I have to stop here to ask what Mark means, exactly. That none of the scribes taught with authority? Surely not, right? Does Mark mean that he taught with “confidence”? That it made sense to people? What does he mean by “authority”?
Whatever it was, it was most certainly more about the crowd’s perception of Jesus than anything. After all, Jesus also preaches in places where they almost throw him off a cliff or stone him. Crowd mentality isn’t the most trustworthy thing, in the Gospels or elsewhere. Sure, they may be right here, but they could also be wrong tomorrow.
But today, whether they just like him or feel like they could grab a beer (wine?) with him or whatever, this crowd confers authority onto him. Whatever it is, they’re really digging Jesus and what he’s saying. Jesus no longer has to go out and recruit fishermen to follow him — people are about to start following him everywhere.
We usually think of all of this as a good thing, but as my colleague John Stendahl said this week, this authority they’re heaping onto Jesus will lead him down a path of exhaustion and, eventually, death.
Crowds will begin to gather, especially after word of the healings really gets going, but by and large, it won’t generate a lot of kingdom talk about how we can treat one another better or seek God more closely. Rather, the crowds will confer authority on him and seek him out because he “speaks as one with authority” and because they believe that he can help them and their loved ones — the same reasons humans always confer authority. You can almost hear them saying: “That Jesus really tells it like it is,” and “Jesus is going to bring us hope and change,” and “It’s morning in Israel!” Soon, crowds will follow him everywhere, stirring up quite a ruckus, putting him in danger with Rome and the religious authorities, and never letting him rest.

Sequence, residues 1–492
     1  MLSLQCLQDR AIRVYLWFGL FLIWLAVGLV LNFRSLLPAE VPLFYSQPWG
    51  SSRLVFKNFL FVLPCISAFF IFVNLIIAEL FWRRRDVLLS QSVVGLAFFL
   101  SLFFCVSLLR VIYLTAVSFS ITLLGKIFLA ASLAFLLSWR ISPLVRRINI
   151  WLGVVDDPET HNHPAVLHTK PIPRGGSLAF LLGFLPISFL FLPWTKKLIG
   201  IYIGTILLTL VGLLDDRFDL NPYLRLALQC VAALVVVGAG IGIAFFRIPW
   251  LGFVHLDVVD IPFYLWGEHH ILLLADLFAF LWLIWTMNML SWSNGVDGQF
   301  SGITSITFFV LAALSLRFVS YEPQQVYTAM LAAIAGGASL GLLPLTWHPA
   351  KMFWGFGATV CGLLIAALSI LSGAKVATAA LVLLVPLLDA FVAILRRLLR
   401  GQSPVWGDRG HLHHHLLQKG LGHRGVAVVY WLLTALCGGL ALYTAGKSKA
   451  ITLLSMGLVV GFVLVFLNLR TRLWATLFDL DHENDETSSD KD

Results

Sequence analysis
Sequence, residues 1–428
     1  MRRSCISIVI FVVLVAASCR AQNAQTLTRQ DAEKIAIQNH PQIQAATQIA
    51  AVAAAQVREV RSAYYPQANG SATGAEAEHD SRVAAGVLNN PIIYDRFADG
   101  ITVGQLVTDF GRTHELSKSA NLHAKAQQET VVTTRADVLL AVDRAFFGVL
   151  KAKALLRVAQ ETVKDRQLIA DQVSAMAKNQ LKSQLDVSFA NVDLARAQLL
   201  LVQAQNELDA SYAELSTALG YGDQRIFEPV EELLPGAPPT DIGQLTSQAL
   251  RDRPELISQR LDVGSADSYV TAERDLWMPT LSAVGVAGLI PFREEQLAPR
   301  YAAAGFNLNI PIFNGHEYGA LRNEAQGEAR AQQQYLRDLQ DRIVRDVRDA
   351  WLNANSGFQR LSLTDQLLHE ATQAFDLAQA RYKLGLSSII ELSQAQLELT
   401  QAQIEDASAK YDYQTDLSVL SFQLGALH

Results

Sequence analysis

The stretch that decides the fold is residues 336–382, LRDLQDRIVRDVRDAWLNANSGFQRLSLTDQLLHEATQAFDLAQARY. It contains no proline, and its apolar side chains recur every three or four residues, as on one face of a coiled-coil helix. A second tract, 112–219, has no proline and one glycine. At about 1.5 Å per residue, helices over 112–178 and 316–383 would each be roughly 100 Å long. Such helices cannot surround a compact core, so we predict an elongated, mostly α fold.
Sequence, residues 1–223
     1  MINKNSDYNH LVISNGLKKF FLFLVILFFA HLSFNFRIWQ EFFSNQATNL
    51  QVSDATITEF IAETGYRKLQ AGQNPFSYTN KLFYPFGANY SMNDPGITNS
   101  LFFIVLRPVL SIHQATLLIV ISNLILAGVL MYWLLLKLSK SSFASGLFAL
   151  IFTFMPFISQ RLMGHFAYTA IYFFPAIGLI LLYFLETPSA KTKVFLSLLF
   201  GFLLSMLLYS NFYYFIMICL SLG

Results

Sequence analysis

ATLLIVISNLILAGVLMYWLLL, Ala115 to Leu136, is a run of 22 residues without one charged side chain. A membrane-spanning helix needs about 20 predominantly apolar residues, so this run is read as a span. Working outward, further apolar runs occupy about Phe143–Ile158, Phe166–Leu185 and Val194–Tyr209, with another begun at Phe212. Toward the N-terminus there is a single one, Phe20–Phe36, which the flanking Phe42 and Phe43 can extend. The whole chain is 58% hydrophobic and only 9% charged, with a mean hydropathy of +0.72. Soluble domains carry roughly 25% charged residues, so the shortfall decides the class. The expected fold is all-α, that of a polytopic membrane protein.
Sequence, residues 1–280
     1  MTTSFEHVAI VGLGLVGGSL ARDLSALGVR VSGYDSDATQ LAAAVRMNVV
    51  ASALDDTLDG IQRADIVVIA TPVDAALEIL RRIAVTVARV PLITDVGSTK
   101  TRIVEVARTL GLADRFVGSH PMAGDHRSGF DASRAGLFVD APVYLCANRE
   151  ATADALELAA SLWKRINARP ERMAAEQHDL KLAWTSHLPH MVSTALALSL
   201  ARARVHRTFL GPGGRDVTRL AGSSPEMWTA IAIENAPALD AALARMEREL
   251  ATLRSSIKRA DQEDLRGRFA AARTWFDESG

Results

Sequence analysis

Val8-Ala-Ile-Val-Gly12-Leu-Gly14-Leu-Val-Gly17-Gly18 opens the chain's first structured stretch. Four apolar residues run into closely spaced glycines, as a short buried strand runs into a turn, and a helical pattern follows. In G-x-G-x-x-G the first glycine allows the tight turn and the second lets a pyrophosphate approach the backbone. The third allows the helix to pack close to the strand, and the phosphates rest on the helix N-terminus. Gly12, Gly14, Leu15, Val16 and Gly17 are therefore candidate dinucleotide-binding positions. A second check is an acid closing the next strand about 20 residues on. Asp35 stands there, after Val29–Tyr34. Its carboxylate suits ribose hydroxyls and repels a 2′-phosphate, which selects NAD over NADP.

This is a beginning, this moment in the synagogue. This crowd is really digging Jesus, and it’s eventually going to kill him.
Just then, there’s a commotion in the synagogue because someone who is not well has come in and is ranting and raving at the new teacher. Given what I’ve just said, Pastor Stendahl says that in that light, the demons could be seen as not fearful, but as defiantly mocking Jesus: “Have you come to destroy us?” Good luck with that! This road you’re going down is about to destroy you, Jesus of Nazareth. There are, after all, few burdens as heavy as fame or an entire nation looking to you to save them.
You know the rest of the story even if you weren’t listening when we read the Gospel. Jesus drives the demons out, as he always does. Everyone is super impressed, as they always are.
Mark leaves the scene with a line that now sounds foreboding to me: “At once, his fame began to spread throughout the surrounding region of Galilee” (v. 28). Jesus is getting famous. The die is cast.
We always confer authority on powerful people, which we define as the charismatic and the strong and the skilled. Those who can stand up for the little guy and drive out demons. We follow those leaders anywhere. It’s no real wonder that the crowds will expect Jesus to eventually overthrow Rome in a military coup — that’s what any other charismatic, powerful Jewish leader of the day might seek to do. They don’t get it. Not yet. The crowds don’t. The demons don’t.
Forget Rome. Forget exhaustion. Jesus is more powerful than death itself.
And he is willing to walk this difficult road to show us what “authority” really is, and it isn’t found in charisma or strength, but in a willingness to die.